Since I can prove my case and you can't you lose. And I'll defend that any time. A Great Debate thread if you wish.
quote: You have to desire salvation from the heart, ask for it with some persevering sincerity and be willing to accept some things that right now you don't accept (I had to accept lots of things that as a former liberal I thought I could never accept), all sorts of tests of that necessary sincerity, though God does help us with lingering unbelief if we ask for that too with the same sincerity.
In other words you lied and I called your bluff. It's funny how "Christians" try to make it sound so easy while hiding a whole lot of other conditions.
Remember what you said:
But you are welcome to join us any time by simply asking God to save you
In fact I can't seriously want something that makes no sense to me, nor can I say that I will automatically accept any beliefs you choose to tell me are essential. So I guess that your hidden conditions make it far from "simple".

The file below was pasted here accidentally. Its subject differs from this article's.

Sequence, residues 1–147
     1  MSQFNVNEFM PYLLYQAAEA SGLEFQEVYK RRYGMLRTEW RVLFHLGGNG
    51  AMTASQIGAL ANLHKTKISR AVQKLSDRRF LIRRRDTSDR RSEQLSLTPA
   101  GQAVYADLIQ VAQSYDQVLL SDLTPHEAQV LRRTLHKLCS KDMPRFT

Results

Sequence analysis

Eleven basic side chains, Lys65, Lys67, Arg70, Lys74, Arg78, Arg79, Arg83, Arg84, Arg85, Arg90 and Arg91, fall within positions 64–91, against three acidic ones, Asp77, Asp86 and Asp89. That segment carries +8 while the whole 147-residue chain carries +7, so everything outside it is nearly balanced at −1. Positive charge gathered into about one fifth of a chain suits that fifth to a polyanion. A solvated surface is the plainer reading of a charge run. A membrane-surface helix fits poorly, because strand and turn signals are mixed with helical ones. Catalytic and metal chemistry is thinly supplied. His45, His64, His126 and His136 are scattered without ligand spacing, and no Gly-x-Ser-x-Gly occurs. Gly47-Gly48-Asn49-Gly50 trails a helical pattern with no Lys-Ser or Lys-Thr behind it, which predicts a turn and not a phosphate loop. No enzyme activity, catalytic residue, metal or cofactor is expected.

Yes, well, one would think a person would know you can't ask God for something in such a cavalier way, but OK I wasn't specific enough and you can use the occasion to be right about something it would be better not to be right about.
In fact I did realise that you were lying. And what is it that it "would be better not to be right about" ? And why ?
quote: No I wouldn't debate you on the meaning of the Bible.
In other words I am willing to back my claim up - and you are not.
Maybe you realise that misrepresenting a pathetically bad commentary is not exactly a good argument. Or maybe I am expecting too much of you.